“Ah yes!” cried Bianchon. “It is the little locket and the chain made of hair that he wants; we took it off a while ago when we put the blisters on him. Poor fellow! he must have it again. There it lies on the chimney-piece.”

Eugène went to the chimney-piece and found a little plait of faded golden hair—Mme. Goriot’s hair, no doubt. He read the names on the little round locket, ANASTASIE on the one side, DELPHINE on the other. It was the symbol of his own heart that the father always wore on his breast. The curls of hair inside the locket were so fine and soft that it was plain they had been taken from two childish heads. When the old man felt the locket once more, his chest heaved with a long deep sigh of satisfaction, like a groan. It was something terrible to see, for it seemed as if the last quiver of the nerves were laid bare to their eyes, the last communication of sense to the mysterious point within whence our sympathies come and whither they go. A delirious joy lighted up the distorted face. The terrific and vivid force of the feeling that had survived the power of thought made such an impression on the students, that the dying man felt their hot tears falling on him, and gave a shrill cry of delight.

“Nasie! Fifine!”

“There is life in him yet,” said Bianchon.

“What does he go on living for?” said Sylvie.

“To suffer,” answered Rastignac.

Bianchon made a sign to his friend to follow his example, knelt down and passed his arms under the sick man, and Rastignac on the other side did the same, so that Sylvie, standing in readiness, might draw the sheet from beneath and replace it with the one that she had brought. Those tears, no doubt, had misled Goriot; for he gathered up all his remaining strength in a last effort, stretched out his hands, groped for the students’ heads, and as his fingers caught convulsively at their hair, they heard a faint whisper—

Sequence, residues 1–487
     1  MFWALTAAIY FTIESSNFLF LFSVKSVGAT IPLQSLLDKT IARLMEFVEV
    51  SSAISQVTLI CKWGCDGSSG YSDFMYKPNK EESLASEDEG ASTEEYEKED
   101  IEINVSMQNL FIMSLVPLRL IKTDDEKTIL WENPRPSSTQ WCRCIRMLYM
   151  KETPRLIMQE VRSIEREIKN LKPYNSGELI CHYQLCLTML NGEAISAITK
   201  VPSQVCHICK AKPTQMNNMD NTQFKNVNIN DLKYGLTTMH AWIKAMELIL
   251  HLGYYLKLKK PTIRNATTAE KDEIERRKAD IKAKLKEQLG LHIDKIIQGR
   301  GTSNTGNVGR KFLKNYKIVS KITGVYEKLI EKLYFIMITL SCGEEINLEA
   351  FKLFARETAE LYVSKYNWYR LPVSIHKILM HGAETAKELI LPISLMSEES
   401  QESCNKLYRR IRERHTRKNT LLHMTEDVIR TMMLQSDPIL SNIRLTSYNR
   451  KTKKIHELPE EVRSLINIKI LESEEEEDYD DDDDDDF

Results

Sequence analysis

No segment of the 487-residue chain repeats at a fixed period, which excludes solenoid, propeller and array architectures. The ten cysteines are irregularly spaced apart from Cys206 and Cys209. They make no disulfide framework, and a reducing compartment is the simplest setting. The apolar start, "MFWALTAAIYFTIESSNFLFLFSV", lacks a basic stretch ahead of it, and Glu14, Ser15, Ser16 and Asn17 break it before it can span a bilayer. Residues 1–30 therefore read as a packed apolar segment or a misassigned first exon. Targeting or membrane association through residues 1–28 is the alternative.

“Ah! my angels!”

Two words, two inarticulate murmurs, shaped into words by the soul which fled forth with them as they left his lips.

“Poor dear!” cried Sylvie, melted by that exclamation; the expression of the great love raised for the last time to a sublime height by that most ghastly and involuntary of lies.

The father’s last breath must have been a sigh of joy, and in that sigh his whole life was summed up; he was cheated even at the last. They laid Father Goriot upon his wretched bed with reverent hands. Thenceforward there was no expression on his face, only the painful traces of the struggle between life and death that was going on in the machine; for that kind of cerebral consciousness that distinguishes between pleasure and pain in a human being was extinguished; it was only a question of time—and the mechanism itself would be destroyed.